Given its emphasis on access to care and workforce development, it was a  natural fit for the New Hampshire State  Office of Rural Health (NH SORH) to be  a part of the NH Legislative Commission  on Primary Care Workforce Issues.  The five-year commission is working to coordinate workforce as a part of  Affordable Care Act (ACA) activities in  the state.

“What we’re finding is that because of the ACA, people are very interested in  talking about workforce development,  when maybe in the past they didn’t  have an understanding of these  issues,” said Alisa Druzba, director  of the NH SORH. “We’re focusing on using the resources we have in the  most efficient manner.” Druzba is the  NH Department of Health and Human  Services appointee. The Commission also includes individuals who represent  medical, oral health, and mental health  associations and providers in the  state. Additional members have been  requested to bring in more diversity  and non-rural representation, Druzba  said. Commission members meet  together on a monthly basis.

“What’s nice is that the Commission has been in a position to readily talk about  workforce, and about Marketplaces—if  the state does choose to do Medicaid  expansion,” Druzba said.

While Druzba brings the benefit of her expertise to the Commission,  there have been benefits for her  SORH as well. “When the Commission  first started, we put in legislation  that identified my office as a health  professions data center,” Druzba said.  Although the center was not funded, it  helped establish the idea in her SORH.  “I reallocated my money to bring a data  center into existence and was able to  hire a staff member this April to get  the surveying off and running. We get  to have a leadership role around the  kind of data that is collected and can  use it more efficiently for shortage  designation work.”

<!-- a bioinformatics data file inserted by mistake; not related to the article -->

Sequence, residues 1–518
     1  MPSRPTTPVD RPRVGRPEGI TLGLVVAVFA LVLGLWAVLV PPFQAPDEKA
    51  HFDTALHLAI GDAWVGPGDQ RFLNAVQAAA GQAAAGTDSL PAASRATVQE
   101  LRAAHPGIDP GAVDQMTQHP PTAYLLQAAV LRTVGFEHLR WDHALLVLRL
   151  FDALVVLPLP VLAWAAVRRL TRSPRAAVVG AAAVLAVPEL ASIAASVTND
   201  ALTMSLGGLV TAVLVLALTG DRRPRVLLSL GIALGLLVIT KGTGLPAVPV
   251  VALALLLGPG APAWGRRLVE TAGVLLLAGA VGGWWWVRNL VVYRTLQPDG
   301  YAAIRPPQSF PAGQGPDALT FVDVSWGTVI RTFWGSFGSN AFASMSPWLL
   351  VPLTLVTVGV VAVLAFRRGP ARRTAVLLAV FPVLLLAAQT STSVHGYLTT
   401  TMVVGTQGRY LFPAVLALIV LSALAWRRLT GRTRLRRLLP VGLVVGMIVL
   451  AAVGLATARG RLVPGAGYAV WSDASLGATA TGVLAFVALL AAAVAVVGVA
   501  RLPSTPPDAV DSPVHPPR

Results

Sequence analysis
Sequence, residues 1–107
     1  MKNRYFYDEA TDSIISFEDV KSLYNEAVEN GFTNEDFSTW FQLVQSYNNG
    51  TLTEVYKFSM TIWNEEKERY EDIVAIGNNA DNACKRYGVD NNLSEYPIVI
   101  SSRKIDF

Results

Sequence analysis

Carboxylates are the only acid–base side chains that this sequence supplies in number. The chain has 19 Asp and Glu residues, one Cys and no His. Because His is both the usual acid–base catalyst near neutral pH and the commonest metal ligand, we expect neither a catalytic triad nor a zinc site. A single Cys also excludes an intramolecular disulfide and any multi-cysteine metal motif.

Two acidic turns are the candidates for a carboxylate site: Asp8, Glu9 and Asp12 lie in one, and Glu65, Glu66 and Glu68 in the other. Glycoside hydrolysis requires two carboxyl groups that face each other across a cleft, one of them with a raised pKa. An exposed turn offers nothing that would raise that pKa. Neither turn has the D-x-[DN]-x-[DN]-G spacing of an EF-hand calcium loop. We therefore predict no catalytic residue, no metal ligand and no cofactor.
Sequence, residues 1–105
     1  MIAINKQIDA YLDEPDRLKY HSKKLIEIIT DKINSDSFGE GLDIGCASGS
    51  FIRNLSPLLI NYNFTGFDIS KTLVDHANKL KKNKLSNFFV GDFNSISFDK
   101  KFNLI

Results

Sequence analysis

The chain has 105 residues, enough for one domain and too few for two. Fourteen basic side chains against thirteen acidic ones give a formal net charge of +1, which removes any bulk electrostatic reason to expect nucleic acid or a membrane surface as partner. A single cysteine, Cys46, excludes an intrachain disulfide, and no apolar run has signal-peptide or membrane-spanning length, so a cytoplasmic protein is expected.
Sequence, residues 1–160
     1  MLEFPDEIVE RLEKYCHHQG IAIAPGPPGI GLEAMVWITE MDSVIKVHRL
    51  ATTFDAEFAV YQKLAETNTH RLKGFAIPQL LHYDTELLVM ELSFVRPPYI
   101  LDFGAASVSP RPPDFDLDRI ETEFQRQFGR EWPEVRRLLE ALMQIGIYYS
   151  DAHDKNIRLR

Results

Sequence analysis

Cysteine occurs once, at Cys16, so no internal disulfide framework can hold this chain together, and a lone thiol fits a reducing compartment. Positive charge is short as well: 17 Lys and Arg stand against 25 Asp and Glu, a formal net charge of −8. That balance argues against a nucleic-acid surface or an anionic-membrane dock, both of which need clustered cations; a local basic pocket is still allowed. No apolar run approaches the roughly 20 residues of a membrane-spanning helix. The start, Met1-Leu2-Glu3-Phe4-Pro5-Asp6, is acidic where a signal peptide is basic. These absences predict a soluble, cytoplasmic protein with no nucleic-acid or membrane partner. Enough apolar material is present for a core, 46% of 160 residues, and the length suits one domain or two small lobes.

Another benefit has sprung from  the Commission’s emphasis on using  resources efficiently. “I report to  them on SORH grants and talk about  current uses of funding.” Druzba set  up a schedule to discuss SORH-related  topics at the Commission meetings, like  “What is a patient-centered medical  home?” In addition, she has been  discussing the difficulty of clinicians  obtaining training and residencies in  the state, since many sites there are too  small to take them on. “There’s been  lots of energy around this,” she said. As  a result, her Office is helping establish  a clinical placement program—a  contract went into effect in July. The  contracting agency now is looking at  how other states are doing this, looking  at site education curriculums and the  technology for managing it.

“It was just natural for us to take a leadership role when workforce came  up,” Druzba said. “It was mostly being ready at the right time.”